Courtesy of Panda Security: This week’s PandaLabs report looks at Personal Protector fake antivirus, and the Autoit.HW and Autorun.JOE worms.
Removal help for Personal Protector fake antivirus follows later in this article.
Personal Protector, is a fake antivirus (a type of adware). As with all such malware, it simulates a scan of the computer and claims to detect a series of threats, which is completely untrue. It then offers users the option of eliminating the (non-existent) malware, using a pay version of the fake antivirus.
Once again, the aim of the cyber-crooks is to profit financially from this fraudulent application. Every time users try to remove the malware, supposedly detected on their system, or update components of the application, they will be asked for a payment.
Autoit.HW is a worm that spreads through spoof Web pages and emails which trick users into installing the malware on their computers. It can also spread through removable USB drives. In this case, it takes advantage of the autoplay feature of removable drives to execute even if users have not run the executable file.
Once the computer has been infected with this malware, it disables the
task manager, so that users cannot see active processes on the system. The worm does this in order to hide itself.
With the same aim, it also disables the Windows Registry editor and folder options, so that users cannot change the option to see hidden files, or file extensions.
Autorun.JOE is another worm which, like the previous one, spreads via
email and removable drives. After infecting a computer, it takes the
following malicious actions:
- Disables the task manager
- Disables Windows Registry management tools
- Disables the option to view hidden files.
- Disables the option to view hidden system files.
Personal Protector Removal Instructions:
If you have become infected by Personal Protector, or other scareware (rogue software), have your PC worked on by a certified computer technician, who will have the tools, and the competency, to determine if the infection can be removed without causing system damage. Computer technicians do not provide services at no cost, so be prepared for the costs involved.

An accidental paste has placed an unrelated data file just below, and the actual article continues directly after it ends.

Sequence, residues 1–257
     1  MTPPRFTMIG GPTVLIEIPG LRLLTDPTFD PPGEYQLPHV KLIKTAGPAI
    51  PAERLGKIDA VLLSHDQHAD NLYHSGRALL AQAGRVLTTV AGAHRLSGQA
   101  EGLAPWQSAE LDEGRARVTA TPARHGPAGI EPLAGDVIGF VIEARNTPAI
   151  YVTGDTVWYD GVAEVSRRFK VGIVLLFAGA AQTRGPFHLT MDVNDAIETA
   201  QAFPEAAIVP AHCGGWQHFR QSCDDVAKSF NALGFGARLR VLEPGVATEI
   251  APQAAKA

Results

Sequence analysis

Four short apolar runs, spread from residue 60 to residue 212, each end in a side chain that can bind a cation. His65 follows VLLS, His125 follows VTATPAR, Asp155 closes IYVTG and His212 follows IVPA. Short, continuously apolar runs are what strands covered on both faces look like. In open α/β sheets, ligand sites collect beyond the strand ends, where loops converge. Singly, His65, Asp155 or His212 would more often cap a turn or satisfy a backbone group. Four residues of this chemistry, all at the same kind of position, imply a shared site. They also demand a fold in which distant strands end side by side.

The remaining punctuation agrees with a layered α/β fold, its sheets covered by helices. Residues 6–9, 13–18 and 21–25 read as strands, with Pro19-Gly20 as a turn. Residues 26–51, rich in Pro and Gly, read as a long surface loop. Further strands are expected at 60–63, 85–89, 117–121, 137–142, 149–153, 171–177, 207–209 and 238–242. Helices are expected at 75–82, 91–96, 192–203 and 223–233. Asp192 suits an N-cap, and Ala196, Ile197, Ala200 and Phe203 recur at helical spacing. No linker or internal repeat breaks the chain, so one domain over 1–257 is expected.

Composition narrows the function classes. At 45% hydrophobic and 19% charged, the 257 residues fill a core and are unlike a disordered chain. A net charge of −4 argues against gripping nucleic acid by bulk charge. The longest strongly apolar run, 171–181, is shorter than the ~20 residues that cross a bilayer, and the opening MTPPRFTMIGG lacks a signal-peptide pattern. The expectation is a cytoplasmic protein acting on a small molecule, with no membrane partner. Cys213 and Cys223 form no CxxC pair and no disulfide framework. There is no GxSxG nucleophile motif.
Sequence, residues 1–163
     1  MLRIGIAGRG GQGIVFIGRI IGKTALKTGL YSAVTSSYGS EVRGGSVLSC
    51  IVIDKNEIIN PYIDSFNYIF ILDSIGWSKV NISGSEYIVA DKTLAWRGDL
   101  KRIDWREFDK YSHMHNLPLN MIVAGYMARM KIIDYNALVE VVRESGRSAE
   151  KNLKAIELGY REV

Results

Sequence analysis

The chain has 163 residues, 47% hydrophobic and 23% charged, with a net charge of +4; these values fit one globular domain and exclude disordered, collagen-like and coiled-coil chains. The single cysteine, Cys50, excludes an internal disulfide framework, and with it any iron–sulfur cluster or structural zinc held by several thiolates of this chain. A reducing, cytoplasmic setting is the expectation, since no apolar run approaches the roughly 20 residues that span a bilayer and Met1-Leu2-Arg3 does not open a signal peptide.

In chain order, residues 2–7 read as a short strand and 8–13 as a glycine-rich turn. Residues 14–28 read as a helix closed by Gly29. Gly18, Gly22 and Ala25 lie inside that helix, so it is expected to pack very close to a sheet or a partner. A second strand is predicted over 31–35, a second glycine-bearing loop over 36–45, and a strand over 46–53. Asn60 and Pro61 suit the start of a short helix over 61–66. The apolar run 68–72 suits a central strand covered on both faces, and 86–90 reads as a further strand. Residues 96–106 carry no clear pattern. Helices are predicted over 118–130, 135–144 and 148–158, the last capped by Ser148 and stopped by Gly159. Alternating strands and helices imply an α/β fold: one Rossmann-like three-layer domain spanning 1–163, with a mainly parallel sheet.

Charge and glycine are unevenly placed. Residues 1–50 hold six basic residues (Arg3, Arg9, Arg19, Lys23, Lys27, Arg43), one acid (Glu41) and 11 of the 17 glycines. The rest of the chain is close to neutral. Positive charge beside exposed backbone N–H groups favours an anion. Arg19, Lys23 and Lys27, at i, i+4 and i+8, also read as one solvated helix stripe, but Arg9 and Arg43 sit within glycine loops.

If you feel you have the necessary skills, and you want to try your hand at removal, then by all means do so.
The following free resources can provide tools and the advice you will need to attempt removal.
Malwarebytes, a very reliable anti-malware company, offers a free version of Malwarebytes’ Anti-Malware, a highly rated anti-malware application which is capable of removing many newer rogue applications.
411 Spyware – a site that specializes in malware removal. I highly recommend this site.
Bleeping Computer – a web site where help is available for many computer related problems, including the removal of rogue software. This is another site I highly recommend.
SmitFraudFix, available for download at Geekstogo is a free tool that is continuously updated to assist victims of rogue security applications.
What you can do to reduce the chances of infecting your system with rogue, or malicious, software.
Be careful in downloading freeware or shareware programs. Spyware is occasionally concealed in these programs. Download this type of program only through reputable web sites such as Download.com, or sites that you know to be safe.
Consider carefully the inherent risks attached to peer-to-peer (P2P), or file sharing applications.
Install an Internet Browser add-on that provides protection against questionable or unsafe websites. My personal favorite is Web of Trust, an Internet Explorer/FireFox add-on, that offers substantial protection against questionable or unsafe websites.
Do not click on unsolicited invitations to download software of any kind.
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